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Wednesday, December 2, 2020

PBA Legend Abe King Jr.


The King of The Ring: Abraham “Abe” Columbus King Jr.

There was a time when events were recorded by word of mouth, believe it or not. Stories passed on from one person to another. These stories are called legends.

These days, the term “legend” gets thrown around a lot; everyone can be a legend; every event can be shown on social media as they happen. Then their exploits are called legendary.

During the 70s and the 80s, if you did not stay up late at night, or you did not have the game tickets to show, you may have probably never seen basketball legends dominate the PBA.

One legend has it that Philippine basketball once had a player who ruled the “boards,” or rebounds, so thoroughly that people called him the “Chairman of the Board.” His name is Abraham “Abe” Columbus King, Jr.

toyota tamaraws
Abe King Jr. (PHOTO via Facebook)

The Toyota Tamaraws

Abe King Jr. was part of the champion PBA Ballclub, the legendary Toyota Tamaraws. He was dubbed “King Bedan” in 1976 and was responsible for powering the San Beda Red Lions to a runner-up finish in that year.

Fans who never got to see him play the game do not know how great he was back then. He once scored 60 points in a single game, a feat only a handful of players have ever accomplished.

Right place at the wrong time

Abe King is the epitome of an underrated player. He was among the players who came in at the right place at the wrong time: when he first donned a PBA uniform, guys like Ramon Fernandez, Bogs Adornado, Philip Cezar, Atoy Co, and Robert Jaworski were the kings of the court.

At his peak, the new wave of great players like Alvin Patrimonio, Jerry Codinera, Benjie Paras, and Nelson Asaytono was already starting to make a name for themselves. That is why despite his immense talent and consistent level of play, King made the Mythical Five only once in his career.

Atoy Co and Philip Cezar

His best year was in 1987 when he won a championship with Great Taste with the help of Co and Cezar. “I’d say that year was one of the fondest memories, and enjoyable years I had with Great Taste because we won a championship with the help of Philip and Atoy,” Abe told ESPN.com.

Best player, but not in the mythical?

For that year, however, he felt the league underappreciated his accomplishments. “In the majority of the games we won, I was named Best Player, and I wondered why I wasn’t included in the Mythical Second team,” Abe added.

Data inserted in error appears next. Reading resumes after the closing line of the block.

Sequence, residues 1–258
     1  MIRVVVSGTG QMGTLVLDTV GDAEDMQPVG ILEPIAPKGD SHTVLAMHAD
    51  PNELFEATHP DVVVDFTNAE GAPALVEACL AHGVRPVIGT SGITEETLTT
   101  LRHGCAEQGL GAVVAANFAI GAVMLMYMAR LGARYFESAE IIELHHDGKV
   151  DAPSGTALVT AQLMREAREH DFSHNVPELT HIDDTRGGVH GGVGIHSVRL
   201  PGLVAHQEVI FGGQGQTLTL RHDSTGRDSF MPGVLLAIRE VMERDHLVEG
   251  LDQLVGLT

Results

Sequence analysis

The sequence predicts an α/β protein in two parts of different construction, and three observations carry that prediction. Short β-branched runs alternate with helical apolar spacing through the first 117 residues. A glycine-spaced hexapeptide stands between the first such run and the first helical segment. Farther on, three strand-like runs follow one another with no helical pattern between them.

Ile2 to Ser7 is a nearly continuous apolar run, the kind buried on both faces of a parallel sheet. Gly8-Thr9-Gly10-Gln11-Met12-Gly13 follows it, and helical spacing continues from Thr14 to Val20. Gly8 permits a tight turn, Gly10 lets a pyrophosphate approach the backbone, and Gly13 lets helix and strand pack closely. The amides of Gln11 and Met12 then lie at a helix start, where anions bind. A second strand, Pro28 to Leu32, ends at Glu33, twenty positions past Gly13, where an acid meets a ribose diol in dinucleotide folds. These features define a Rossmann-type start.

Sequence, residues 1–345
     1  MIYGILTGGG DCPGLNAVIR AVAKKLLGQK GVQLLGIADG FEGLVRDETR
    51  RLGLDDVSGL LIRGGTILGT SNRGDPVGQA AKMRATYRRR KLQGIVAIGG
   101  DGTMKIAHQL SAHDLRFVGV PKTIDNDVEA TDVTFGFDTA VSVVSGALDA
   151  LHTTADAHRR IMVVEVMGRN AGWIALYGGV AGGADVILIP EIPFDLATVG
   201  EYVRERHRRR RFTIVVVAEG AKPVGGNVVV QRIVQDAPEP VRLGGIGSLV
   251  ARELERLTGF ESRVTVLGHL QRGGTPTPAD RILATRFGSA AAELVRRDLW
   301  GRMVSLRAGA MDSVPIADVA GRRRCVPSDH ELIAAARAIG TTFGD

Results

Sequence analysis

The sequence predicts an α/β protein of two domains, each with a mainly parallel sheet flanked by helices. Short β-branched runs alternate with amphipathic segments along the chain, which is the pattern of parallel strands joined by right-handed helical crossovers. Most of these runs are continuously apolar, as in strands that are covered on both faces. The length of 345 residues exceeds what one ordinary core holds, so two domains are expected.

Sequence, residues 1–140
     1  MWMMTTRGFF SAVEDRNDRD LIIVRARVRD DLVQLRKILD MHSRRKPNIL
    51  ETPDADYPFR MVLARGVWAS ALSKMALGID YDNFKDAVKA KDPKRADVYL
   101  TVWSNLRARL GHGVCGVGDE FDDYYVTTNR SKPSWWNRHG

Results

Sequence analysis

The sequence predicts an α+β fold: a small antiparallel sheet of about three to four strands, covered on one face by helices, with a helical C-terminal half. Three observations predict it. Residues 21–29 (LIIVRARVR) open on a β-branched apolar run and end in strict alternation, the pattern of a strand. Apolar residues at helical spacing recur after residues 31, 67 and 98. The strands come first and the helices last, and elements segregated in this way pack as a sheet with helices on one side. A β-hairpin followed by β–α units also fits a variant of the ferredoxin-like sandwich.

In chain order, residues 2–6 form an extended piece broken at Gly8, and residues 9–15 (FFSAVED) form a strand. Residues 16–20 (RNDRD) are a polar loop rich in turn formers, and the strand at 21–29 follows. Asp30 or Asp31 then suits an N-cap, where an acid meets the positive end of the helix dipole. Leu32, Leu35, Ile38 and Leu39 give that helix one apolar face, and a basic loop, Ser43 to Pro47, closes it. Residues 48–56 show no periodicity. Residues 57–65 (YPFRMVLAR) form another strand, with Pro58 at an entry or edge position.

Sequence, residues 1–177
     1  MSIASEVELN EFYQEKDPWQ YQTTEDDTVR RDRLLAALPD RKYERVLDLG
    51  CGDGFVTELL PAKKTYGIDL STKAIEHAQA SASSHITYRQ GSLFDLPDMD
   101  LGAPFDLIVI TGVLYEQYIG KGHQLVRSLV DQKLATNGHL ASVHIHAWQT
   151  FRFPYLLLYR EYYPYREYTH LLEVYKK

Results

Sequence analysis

Alvin Patrimonio and Jerry Codinera

At the twilight of his career in the early 90s, he acted as a mentor to Patrimonio and Codinera as he played for Purefoods. After winning another championship, Abe King Jr. retired at the end of the 1994 season.

MOA Signing between the PBA founded in 1975 and PBA Legends Foundation established in 2016, with Alvin Patrimonio, Atoy Co, Allan Caidic, Daniel Razon, (Back) Ed Cordero, Jerry Codinera. Abe King Jr., was a former president of the PBA Legends Foundation.

Moving to America

In 1998, Abe King Jr. relocated to the United States along with his family and now lives in Gig Harbor, Washington. There he remains active in basketball, giving out real-life assists to former PBA players like Abet Guidaben, who suffered a stroke in 2012, and Rudy Distrito, who had a run-in with the law.

Today, Abe King Jr. continues to inspire, teaming up with other former legends to play exhibition games for charity. He organized the PBA Legends US tour so he can help more people and support charities.


Funding his own charity

He supports needy but deserving students in the Philippines, which he jokingly says gets him into trouble with his wife because of all the expenses since he funds his charities with his own money.

Real-life legends may be hard to come by; they are dwindling in numbers. But if you look hard enough, you will still capture a glimpse of a few of them who remain. Abe King Jr. may no longer be visible to PBA fans, but his exploits on and off the court are truly legendary.

Allan Joaquin
Allan Joaquin is a writer, copywriter, and digital marketing specialist. He belongs to a family with a handful of Fil-Americans who have not forgotten about their Filipino roots. Above all else, he values doing things the "write" way.


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